A Hot Job Market? Not for Long

A photo to accompany a story about unemployment benefits ending Getty Images
People walk by a “Help Wanted” sign in New York City in June 2021.
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The U.S. economy is already hurting, but it’s about to get much more painful.

That’s what Jerome Powell, chair of the Federal Reserve, said last week after the Fed raised its key interest rate by 75 basis points. The country’s central bank plans to keep hiking the benchmark rate until it hits 4.4% by the end of the year — even if it causes a recession and a rise in unemployment. 

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“There will very likely be some softening of labor market conditions,” Powell said last week. “We will keep at it until we are confident the job is done.” 

The Fed anticipates the unemployment rate will rise to 4.4% next year, from 3.7% today — a statistic that implies an additional 1.2 million people losing their jobs, according to Omair Sharif, the founder of research firm Inflation Insights. In recent months, major companies have announced layoffs and cutbacks, including Robinhood, Peloton, and Shopify.

But those figures don’t tell the whole story: While it’s impossible to predict just how many people will lose their jobs, the most vulnerable workers will be hit the hardest, according to Andrew Stettner, an unemployment researcher at The Century Foundation. Lower-income, Black, and Latinx workers are usually the first to lose their jobs during a recession.

“I’m very concerned about racial impacts in this type of situation. Across educational levels, you’ve seen in the past Black workers be the first to fire and last to rehire,” Stettner told me. “Right now, things are fine, but it will slow down.”

That may have you wondering whether your job is at risk. The possibility of a layoff is scary. While the job market appears to be holding for now, it doesn’t hurt to be informed and prepared if the worst does happen. Here are a few things you can do preemptively:

1. Understand your state’s unemployment benefits

Go to your state’s unemployment office website and read up on the qualifications for unemployment. Each state has its own requirements, application, and benefit amounts. Start gathering some basic personal and work history information — like your Social Security number, driver’s license or state ID, and detailed employment history from the past 18 months — in case you need to apply for unemployment. It’ll help make your claims go more smoothly.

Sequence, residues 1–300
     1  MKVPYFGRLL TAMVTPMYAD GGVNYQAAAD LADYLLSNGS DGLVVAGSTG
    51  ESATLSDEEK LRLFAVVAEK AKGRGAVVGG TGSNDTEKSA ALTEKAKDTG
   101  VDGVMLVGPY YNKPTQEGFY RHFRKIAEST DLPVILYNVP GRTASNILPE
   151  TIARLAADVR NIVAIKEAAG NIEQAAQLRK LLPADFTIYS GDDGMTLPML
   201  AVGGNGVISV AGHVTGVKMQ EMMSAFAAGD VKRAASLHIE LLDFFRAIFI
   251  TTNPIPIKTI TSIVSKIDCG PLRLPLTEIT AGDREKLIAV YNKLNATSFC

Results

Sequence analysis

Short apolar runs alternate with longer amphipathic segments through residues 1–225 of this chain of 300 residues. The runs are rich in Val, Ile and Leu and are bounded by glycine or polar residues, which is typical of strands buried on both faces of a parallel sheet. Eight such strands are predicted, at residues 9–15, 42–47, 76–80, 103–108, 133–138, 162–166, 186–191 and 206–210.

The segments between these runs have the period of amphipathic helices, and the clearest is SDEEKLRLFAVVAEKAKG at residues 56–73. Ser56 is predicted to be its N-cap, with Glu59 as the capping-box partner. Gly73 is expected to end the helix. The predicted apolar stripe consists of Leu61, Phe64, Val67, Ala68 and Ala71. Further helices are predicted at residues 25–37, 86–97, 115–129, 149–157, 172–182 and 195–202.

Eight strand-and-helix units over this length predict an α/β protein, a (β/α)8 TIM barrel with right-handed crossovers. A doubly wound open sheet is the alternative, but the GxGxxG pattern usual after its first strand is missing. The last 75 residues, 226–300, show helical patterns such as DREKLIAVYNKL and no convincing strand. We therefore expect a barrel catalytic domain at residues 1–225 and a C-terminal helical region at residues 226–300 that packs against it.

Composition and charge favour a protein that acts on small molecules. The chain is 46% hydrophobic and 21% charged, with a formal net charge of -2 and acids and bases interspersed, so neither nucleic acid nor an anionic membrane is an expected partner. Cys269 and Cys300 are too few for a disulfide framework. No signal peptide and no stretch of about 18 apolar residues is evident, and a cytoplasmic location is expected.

2. Revisit your budget and cut back on nonessential spending

Reassess your budget and consider making it as lean as possible by cutting back on nonessential spending and other potential expenses. If you don’t have a budget, start one by following these tips

3. Build your emergency fund 

You should always have an emergency fund, but that financial buffer will be especially important after a layoff. If you don’t have one, try to start saving enough to cover at least three months to six months of expenses – even if it’s just $10 a week. Little by little, your savings will build up over time. If you already have a well-stocked emergency fund, consider beefing it up even more – it may not go as far as it used to due to high inflation

4. Keep your resume updated

When recession-proofing your career, it’s better to be proactive, not reactive. Begin preparing your resume, LinkedIn profile, and growing your professional network now. Work on developing your professional skills and experience because certain industries or companies can do well, even in a shaky job market.  

5. Expand your income sources

Address budget constraints or boost your savings by finding creative ways to make extra money, if you can. Building a side hustle, freelancing, or working a part-time job could all add extra security to your budget. How you can get started.

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The Bottom Line

You can’t control what’s happening in the economy or the job, but you can secure your finances now and prepare for the worst. Start by focusing on your budget, understanding your state’s unemployment benefits, and building your emergency fund.